After the initial greetings, my dad went straight to the crux of the matter: “How can the boys join us in America?” The situation was dicey. The youngest boy at that time was nine while the oldest was fifteen, but we were not offered the immigrant status that Wumi enjoyed. Mother was desperate.
“What can you do for us,” she asked plaintively.
The immigration officer looked at her and smiled. “Madam, your children will be fine, even if they have to live the rest of their lives in Nigeria.”
“But I don’t want them to live in that country…,” Mother protested.
Dad was silent.
“But you say they are four boys?”
“Boys have a greater tenacity for survival than many of us parent credit them with.”
“It appears you did not get our point: we want our children out of that country.”
“Is Nigeria at war presently?”
“No. Why did you ask?”
“Because even if that country was at war, your boys will survive. In fact, it is boys their age that are known to fight in battles when countries go to war.”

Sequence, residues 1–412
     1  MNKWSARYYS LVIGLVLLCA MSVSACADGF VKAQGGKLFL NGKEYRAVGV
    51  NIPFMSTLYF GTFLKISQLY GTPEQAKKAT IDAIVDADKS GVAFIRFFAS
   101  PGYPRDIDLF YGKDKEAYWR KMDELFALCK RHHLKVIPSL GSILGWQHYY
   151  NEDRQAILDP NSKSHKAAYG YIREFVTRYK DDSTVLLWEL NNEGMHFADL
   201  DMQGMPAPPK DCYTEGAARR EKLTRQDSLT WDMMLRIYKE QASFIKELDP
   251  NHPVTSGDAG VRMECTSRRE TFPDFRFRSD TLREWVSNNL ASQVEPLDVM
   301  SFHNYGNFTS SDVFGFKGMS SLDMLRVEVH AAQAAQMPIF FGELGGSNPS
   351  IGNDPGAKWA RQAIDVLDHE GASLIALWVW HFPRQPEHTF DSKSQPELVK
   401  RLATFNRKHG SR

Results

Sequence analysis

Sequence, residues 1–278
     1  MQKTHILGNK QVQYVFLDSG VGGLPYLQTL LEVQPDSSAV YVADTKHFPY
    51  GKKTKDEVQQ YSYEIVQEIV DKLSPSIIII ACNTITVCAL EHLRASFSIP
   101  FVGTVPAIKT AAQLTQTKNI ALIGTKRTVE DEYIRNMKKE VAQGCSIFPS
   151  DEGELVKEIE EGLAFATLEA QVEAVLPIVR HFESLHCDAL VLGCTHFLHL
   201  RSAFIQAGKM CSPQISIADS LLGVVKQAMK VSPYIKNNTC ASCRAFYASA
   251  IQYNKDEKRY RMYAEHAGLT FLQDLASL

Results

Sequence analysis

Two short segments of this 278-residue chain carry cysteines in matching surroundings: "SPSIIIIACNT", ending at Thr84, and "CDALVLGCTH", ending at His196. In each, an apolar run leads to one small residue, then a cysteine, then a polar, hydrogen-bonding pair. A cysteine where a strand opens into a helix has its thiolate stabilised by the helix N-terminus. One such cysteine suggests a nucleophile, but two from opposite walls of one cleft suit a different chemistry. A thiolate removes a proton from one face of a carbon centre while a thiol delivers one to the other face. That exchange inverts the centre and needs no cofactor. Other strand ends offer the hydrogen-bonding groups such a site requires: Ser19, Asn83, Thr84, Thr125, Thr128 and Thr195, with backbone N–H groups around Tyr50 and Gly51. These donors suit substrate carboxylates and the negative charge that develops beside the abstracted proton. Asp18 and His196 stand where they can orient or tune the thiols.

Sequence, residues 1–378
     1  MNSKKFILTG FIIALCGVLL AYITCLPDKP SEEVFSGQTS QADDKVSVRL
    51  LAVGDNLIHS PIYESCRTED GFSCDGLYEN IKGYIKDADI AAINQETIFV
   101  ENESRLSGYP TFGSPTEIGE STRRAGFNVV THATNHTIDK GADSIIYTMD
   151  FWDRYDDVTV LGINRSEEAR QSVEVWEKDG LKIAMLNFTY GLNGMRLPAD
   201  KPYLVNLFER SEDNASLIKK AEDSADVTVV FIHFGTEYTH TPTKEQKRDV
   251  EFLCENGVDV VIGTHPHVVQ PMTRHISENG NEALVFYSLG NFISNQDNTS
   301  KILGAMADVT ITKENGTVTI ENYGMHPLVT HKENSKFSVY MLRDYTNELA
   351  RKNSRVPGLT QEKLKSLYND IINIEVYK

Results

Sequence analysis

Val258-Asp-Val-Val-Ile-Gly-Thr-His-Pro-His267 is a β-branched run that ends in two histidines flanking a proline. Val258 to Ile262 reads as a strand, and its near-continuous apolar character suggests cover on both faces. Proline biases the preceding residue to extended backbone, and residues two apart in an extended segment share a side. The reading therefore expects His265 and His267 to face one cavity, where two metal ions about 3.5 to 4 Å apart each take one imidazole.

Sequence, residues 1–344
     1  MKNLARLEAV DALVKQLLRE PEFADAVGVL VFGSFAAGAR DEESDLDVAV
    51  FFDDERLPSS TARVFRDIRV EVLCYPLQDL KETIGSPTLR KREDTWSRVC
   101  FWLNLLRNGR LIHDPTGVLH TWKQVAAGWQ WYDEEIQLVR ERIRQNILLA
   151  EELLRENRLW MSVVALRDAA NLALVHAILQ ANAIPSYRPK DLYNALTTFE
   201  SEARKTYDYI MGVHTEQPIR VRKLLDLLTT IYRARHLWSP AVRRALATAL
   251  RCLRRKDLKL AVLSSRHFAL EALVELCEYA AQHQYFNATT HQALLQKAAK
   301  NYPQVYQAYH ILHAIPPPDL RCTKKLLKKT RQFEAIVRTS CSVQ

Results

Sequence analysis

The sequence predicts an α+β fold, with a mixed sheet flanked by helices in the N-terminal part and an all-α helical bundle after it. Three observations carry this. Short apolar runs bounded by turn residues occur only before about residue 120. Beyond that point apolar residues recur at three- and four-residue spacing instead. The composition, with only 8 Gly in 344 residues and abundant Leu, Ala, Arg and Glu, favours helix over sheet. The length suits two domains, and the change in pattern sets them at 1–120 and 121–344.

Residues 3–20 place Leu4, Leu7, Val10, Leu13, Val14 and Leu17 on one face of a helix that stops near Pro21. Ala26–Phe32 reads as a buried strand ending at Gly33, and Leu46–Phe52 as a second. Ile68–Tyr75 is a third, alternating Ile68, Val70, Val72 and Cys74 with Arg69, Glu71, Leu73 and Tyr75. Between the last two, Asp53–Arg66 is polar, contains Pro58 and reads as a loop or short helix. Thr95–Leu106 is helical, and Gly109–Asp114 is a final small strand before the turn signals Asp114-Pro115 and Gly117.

“My children will not be fighting anybody’s war.”
With that statement from my mother, the meeting was about over. Daddy told my brothers and me that story one day after he returned from the USA. Does this story have any relevance to Sowore’s stupid revolution?
In August 2019, Omoyele Sowore and a host of other youths decided to embark on a nationwide protest which they titled “Revolution Now”. Days before the protest began, Sowore made some utterances, the video recording of which was widely shared on social media. He stated that these were not going to be mere protests; he and his fellows were committed to making the nation ungovernable through their street protests. They were seen making graffiti on the walls of public buildings. A day to the commencement of the protest, Sowore was picked up by men of the Department of State Security (DSS). He was in detention for 125 days. After a judge had threatened the DSS with contempt of court, Sowore was released last week Thursday only to be rearrested the following morning. There was outrage from many Nigerians because the DSS sought to arrest him right inside the courtroom.